>>To:; Roberto Peon <>; 
>>Ryan Hamilton <>; Jana Iyengar <>; 
>>Mike Bishop <>; HTTP Working Group 
>><>; Lucas Pardue <>; IETF 
>>QUIC WG <>; Martin Thomson <>; 
>>Kazuho Oku <>
>>Subject: Re: Final DATA frames
>>From a technical perspective, yes.  But from a goals/process 
>>perspective, I think they related.  We've spent a lot of time on very 
>>complex work in the QUIC WG, and I realize everyone has a different 
>>perspective, but I'm confused by the amount of pushback this got 
>>relative to all the work we have done to make PUSH and something 
>>approximating(since they're actually different) H2 priorities work on 
>>top of QUIC.
>>If I remember correctly, your main argument against this framing 
>>change was that the existing DATA frame with a length becomes largely 
>>useless and might be under-exercised.  That makes me feel like we've 
>>over-optimized for the complex special cases and made a design error 
>>or two at least one step prior to this proposal.
>>To make a specific and relevant suggestion, maybe DATA should never 
>>have a length and if we want features that most requests don't 
>>use(trailers/PUSH_PROMISE/etc) we should put them on a separate 
>>unidirectional stream?
>>On Wed, Dec 12, 2018 at 12:02 PM Dmitri Tikhonov 
>><> wrote:
>>>But you would agree that these are completely different discussions?
>>>One is whether to modify HTTP/3 framing mechanism.  The other is
>>>changing HTTP/3 feature set.
>>>My point is that it is unjustified to to say that since we have
>>>decided not to change the framing mechanism we should consider
>>>dropping prioritization and push promises.
>>>On Wed, Dec 12, 2018 at 11:38:09AM -0500, Ian Swett wrote:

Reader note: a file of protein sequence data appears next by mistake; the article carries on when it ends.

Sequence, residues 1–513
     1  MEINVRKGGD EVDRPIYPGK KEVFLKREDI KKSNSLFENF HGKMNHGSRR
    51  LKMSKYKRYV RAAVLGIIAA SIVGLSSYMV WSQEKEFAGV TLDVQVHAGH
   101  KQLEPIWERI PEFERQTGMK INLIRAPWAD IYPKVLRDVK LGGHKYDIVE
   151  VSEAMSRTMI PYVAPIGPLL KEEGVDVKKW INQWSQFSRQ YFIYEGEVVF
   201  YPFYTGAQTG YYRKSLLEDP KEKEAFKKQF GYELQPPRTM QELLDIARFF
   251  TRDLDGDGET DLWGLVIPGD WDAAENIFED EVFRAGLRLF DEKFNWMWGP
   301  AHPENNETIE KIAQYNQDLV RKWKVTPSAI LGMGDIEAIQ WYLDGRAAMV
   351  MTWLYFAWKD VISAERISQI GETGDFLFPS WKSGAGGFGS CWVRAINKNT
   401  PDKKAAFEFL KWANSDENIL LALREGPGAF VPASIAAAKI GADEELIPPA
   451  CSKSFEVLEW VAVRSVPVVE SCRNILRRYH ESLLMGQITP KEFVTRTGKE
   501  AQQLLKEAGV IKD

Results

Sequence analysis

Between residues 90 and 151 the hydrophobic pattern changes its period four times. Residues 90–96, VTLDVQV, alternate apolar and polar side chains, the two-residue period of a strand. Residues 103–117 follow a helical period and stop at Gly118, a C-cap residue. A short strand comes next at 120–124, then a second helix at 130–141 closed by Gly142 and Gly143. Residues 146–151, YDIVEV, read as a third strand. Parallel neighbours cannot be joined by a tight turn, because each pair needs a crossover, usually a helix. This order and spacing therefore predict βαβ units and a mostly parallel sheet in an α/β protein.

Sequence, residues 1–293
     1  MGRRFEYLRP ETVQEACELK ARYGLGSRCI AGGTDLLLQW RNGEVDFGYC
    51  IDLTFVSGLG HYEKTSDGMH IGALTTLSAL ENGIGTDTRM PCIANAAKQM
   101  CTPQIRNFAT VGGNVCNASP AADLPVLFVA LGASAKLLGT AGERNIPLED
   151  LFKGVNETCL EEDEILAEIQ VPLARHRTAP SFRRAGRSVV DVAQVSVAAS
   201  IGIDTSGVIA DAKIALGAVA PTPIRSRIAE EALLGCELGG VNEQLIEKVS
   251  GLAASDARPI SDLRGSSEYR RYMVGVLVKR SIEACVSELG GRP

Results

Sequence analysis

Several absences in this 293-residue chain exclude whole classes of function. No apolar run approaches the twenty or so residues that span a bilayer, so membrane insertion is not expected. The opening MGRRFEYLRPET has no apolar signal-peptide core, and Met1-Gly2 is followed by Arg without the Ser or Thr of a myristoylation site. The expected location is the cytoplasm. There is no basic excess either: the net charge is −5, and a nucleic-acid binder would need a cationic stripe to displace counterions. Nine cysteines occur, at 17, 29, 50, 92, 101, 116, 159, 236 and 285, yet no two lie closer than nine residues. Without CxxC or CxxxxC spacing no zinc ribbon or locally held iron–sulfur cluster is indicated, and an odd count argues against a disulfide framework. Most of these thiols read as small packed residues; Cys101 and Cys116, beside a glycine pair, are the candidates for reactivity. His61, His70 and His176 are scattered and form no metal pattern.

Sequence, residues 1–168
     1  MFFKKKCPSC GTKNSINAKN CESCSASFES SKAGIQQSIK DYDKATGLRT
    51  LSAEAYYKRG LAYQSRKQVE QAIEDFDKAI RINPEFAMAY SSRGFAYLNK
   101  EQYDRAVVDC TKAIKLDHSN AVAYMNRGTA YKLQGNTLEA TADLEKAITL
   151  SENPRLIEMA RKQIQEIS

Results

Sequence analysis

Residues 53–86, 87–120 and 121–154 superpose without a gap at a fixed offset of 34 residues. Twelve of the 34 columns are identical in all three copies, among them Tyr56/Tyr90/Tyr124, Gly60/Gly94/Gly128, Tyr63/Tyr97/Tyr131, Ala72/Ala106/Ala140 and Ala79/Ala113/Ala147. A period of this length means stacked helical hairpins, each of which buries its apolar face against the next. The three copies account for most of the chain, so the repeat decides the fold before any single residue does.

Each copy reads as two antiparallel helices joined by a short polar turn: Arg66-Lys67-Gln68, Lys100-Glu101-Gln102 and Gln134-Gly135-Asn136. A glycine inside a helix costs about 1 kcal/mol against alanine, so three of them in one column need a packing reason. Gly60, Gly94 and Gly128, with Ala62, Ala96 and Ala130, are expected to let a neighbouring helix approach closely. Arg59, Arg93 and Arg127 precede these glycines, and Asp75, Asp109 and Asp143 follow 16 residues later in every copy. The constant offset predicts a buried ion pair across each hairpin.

>>> > I don't want to derail this too much(probably too late for that), 
>>>and no
>>> > one has a PR anywhere close to landing, but I do think we should 
>>> > thinking of these as potential extensions.  I disagree that they're
>>> > HTTP/2's primary features, both due to lack of use and lack of 
>>> > benefits years after standardization.  Push might actually benefit 
>>> > being an extension, because then potential improvements(ie: 
>>> > could be integrated into the extension more quickly.
>>> >
>>> > On the other hand, QPACK is relatively complex but we have clearer
>>> > demonstrations of it's benefit.
>>> >
>>> > On Wed, Dec 12, 2018 at 9:00 AM Dmitri Tikhonov 
>>> > wrote:
>>> >
>>> > > On Tue, Dec 11, 2018 at 09:02:01PM -0500, Ian Swett wrote:
>>> > > > TLDR: If the focus is on shipping v1 and making sure we don't 
>>> > > > premature optimizations into HTTP/3, I thInk we should 
>>>seriously consider
>>> > > > moving PUSH and the existing priorities to an extension.
>>> > >
>>> > > The EOS DATA frame and HTTP prioritization and push promises are 
>>> > > equivalent.  One is simply fiddling with the way data is framed 
>>> > > is not visible to the application.  The others are HTTP/2's 
>>> > > features.
>>> > >
>>> > >   - Dmitri.
>>> > >

Received on Wednesday, 12 December 2018 23:50:49 UTC